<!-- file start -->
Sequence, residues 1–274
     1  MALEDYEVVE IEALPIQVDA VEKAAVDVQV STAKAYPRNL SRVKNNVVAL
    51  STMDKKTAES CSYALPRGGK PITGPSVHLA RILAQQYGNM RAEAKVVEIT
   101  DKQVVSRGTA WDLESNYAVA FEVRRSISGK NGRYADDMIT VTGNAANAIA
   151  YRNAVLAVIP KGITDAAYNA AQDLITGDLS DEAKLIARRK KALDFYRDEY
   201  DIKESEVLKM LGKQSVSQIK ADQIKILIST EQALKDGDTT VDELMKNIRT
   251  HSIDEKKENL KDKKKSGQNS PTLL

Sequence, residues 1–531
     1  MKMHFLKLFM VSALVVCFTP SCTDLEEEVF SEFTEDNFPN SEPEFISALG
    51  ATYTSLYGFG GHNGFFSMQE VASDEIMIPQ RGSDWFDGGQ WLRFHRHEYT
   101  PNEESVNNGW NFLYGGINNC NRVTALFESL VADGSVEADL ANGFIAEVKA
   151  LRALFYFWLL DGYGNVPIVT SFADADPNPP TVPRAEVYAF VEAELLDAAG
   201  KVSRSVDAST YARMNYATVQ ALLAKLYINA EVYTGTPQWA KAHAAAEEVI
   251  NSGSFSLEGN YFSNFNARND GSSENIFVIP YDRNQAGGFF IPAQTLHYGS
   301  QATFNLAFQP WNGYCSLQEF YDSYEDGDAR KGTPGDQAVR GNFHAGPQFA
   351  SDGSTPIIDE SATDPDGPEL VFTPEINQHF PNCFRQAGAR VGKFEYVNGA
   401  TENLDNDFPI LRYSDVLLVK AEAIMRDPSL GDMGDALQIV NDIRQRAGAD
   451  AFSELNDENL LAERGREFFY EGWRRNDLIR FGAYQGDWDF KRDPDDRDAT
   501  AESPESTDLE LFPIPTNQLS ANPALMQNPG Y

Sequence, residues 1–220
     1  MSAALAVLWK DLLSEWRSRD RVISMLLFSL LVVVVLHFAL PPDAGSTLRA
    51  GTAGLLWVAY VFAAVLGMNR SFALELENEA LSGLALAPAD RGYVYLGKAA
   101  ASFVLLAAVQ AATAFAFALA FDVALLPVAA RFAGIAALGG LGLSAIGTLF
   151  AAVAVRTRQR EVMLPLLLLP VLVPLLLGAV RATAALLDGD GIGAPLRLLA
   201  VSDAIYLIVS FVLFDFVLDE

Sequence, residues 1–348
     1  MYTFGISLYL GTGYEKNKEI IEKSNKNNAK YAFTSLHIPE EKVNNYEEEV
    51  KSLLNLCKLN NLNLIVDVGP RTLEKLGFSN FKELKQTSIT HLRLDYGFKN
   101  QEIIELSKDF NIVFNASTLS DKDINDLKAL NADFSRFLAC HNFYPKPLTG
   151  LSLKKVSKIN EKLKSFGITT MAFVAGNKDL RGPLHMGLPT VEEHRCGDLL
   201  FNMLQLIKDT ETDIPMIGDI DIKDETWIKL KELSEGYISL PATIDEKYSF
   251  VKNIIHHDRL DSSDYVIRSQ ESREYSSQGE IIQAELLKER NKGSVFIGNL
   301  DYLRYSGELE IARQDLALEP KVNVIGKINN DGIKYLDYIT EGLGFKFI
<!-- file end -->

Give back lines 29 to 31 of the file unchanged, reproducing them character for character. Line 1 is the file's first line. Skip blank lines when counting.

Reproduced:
   101  QEIIELSKDF NIVFNASTLS DKDINDLKAL NADFSRFLAC HNFYPKPLTG
   151  LSLKKVSKIN EKLKSFGITT MAFVAGNKDL RGPLHMGLPT VEEHRCGDLL
   201  FNMLQLIKDT ETDIPMIGDI DIKDETWIKL KELSEGYISL PATIDEKYSF